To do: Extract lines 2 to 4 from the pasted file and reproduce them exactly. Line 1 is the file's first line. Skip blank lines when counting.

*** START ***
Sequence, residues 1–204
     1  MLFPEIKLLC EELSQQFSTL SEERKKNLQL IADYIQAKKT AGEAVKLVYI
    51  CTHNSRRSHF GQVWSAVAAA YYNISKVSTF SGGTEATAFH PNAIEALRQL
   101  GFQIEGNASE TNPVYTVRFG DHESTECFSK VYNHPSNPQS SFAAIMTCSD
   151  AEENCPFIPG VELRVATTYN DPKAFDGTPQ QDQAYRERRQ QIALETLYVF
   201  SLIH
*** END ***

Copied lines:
     1  MLFPEIKLLC EELSQQFSTL SEERKKNLQL IADYIQAKKT AGEAVKLVYI
    51  CTHNSRRSHF GQVWSAVAAA YYNISKVSTF SGGTEATAFH PNAIEALRQL
   101  GFQIEGNASE TNPVYTVRFG DHESTECFSK VYNHPSNPQS SFAAIMTCSD